September 20, 2016
Contact: SA Timothy Desmond
Phone Number: 617-557-2100
Tufts Medical Center & Local Pharmacy Chain Settle Alleged Violations Of Controlled Substances Act
SEP 20 - BOSTON - In concurrence with National Prescription Opioid and Heroin Epidemic Awareness Week, the U.S. Attorney’s Office has reached separate civil settlements with Tufts Medical Center and Eaton Apothecary to resolve allegations of violations of the Controlled Substances (CSA). Today, the U.S. Attorney’s Office reached a $100,000 civil settlement with Tufts Medical Center in connection with the hospital’s negligent recordkeeping of its controlled substances.
“We are committed to using all the tools at our disposal to combat the opioid crisis in Massachusetts,” said United States Attorney Carmen M. Ortiz. “Tufts Medical Center’s willingness to work with the DEA to strengthen controlled substances recordkeeping and security has brought this investigation to a successful conclusion.”
“DEA registrants are responsible for handling controlled substances and ensuring that complete and accurate records are being properly kept and accounted for in compliance with the CSA. When these responsibilities are not adhered to, it allows for the diversion of prescription pain medication, which contributes to the widespread abuse of opiates, is the gateway to heroin addiction, and is devastating our communities,” said Special Agent in Charge Michael J. Ferguson. “In response to the ongoing opioid epidemic, DEA’s obligation is to improve public safety and public health, and we are committed to working with our law enforcement and regulatory partners to ensure that these rules and regulations are followed.”
According to the settlement agreement, the hospital failed to maintain accurate inventories of controlled substances and associated records, to keep tight control of prescription pads, and to make required reports to the DEA about thefts or significant losses of controlled substances associated with three former nurses. Tufts Medical Center agreed to pay $100,000 to settle these claims and to permit the DEA to perform administrative inspections of the hospital for the next three years without a warrant. Upon learning of the violations of the CSA at the hospital, Tufts Medical Center cooperated fully with the federal investigation. It also initiated the implementation of new recordkeeping procedures and security measures, including the installation of cameras and lockboxes, to ensure compliance with regulations and to avoid diversion of controlled substances from medical offices. On September 2, 2016, the U.S. Attorney’s Office reached a $100,000 civil settlement with Eaton Apothecary in connection with its improper distribution of addictive narcotics.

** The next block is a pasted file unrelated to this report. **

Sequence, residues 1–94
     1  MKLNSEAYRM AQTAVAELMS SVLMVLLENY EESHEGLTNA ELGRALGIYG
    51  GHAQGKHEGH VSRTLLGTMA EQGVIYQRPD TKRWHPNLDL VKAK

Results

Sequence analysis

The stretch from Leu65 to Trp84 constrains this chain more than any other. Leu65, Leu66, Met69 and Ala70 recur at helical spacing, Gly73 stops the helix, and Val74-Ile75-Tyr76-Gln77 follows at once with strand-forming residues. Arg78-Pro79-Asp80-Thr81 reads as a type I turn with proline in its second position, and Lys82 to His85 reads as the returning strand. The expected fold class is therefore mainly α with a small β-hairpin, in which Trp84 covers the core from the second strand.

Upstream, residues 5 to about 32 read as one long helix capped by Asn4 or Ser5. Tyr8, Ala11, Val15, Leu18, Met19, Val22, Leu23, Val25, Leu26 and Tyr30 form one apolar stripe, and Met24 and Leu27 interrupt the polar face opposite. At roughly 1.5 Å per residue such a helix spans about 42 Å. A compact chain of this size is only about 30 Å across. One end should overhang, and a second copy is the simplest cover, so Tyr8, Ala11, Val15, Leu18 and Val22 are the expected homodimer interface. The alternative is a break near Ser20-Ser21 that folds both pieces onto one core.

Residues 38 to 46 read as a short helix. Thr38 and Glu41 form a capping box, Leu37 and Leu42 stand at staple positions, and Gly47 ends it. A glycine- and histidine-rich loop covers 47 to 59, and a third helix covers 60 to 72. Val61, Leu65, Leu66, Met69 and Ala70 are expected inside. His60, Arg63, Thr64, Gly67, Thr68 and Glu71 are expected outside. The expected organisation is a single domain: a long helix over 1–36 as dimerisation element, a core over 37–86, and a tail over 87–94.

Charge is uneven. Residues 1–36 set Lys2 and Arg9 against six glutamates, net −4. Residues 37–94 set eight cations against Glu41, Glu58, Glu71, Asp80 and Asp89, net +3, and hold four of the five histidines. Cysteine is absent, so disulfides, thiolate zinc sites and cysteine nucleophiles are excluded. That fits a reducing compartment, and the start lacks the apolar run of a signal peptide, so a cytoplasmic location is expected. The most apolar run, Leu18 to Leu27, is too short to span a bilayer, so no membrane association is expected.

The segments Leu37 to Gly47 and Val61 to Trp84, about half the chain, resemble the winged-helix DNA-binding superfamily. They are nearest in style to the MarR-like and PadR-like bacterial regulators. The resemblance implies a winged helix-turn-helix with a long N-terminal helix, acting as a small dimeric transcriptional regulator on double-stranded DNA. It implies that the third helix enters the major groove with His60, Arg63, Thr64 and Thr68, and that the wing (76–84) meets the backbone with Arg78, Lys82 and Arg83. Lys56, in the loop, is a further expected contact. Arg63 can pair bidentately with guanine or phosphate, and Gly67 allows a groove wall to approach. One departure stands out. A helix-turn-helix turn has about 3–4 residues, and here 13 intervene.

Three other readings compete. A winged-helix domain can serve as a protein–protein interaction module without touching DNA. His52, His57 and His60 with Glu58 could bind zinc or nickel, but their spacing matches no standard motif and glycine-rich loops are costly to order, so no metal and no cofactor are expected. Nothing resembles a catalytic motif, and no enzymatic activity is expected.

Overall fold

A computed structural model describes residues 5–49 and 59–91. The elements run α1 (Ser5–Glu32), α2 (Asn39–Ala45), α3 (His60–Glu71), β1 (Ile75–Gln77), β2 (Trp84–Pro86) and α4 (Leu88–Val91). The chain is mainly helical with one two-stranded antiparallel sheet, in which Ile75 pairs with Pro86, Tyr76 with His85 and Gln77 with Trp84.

“Controlled substances that are handled by pharmacies are subject to strict requirements because of their potential for harm and abuse, which fuels the opioid epidemic,” stated U.S. Attorney Ortiz. “For the sake of patient safety, and to ensure that medications are not stolen or sold on the street, we will continue to monitor pharmacies to ensure that they comply with all legal requirements related to the handling, dispensing, and recordkeeping of controlled substances.”
“Pharmacies put patients at risk when they dispense Schedule II narcotics, which have a high potential for abuse and are extremely addictive, without a valid prescription from a physician,” said DEA SAC Ferguson. “This settlement demonstrates DEA’s pledge to work with our law enforcement and regulatory partners in Massachusetts to ensure that these rules and regulations are followed.”
Eaton Apothecary operates 13 retail pharmacies in eastern Massachusetts. According to the settlement, from January 2012 to January 2016, Eaton Apothecary in Canton dispensed Schedule II medications without a signed prescription on more than 2,000 occasions to Boston-area nursing homes, assisted living facilities, and adult day care centers. On each occasion, the pharmacy received a faxed request from a facility operated by Upham’s Elder Service Plan/PACE, and delivered the drugs to the facility. Then the pharmacy prepared and printed a computer-generated prescription for each order and delivered the printed prescriptions in bulk to Upham’s Medical Director, who signed them after the drugs had already been dispensed. In addition, on two occasions, the pharmacy accepted partly opened blister packs containing unused controlled substances, in violation of DEA regulations. DEA regulations allow unused controlled substances to be returned to a pharmacy only in tamper-proof envelopes that the pharmacy accepts by mail and destroys without opening, or through a locked collection receptacle located in the pharmacy.
These matters were brought as part of the federal response to the growing opioid abuse epidemic in Massachusetts and other New England states. The addictive quality of opioids has contributed to a recent surge in the theft, sale, distribution and misuse of prescription pain medication. As a result, federal, state and local law enforcement and public health authorities are collaborating to support safe prescribing and dispensing of opioid medications.
Michael J. Ferguson Special Agent in Charge of the Drug Enforcement Administration for New England and U.S. Attorney Carmen M. Ortiz made the announcements.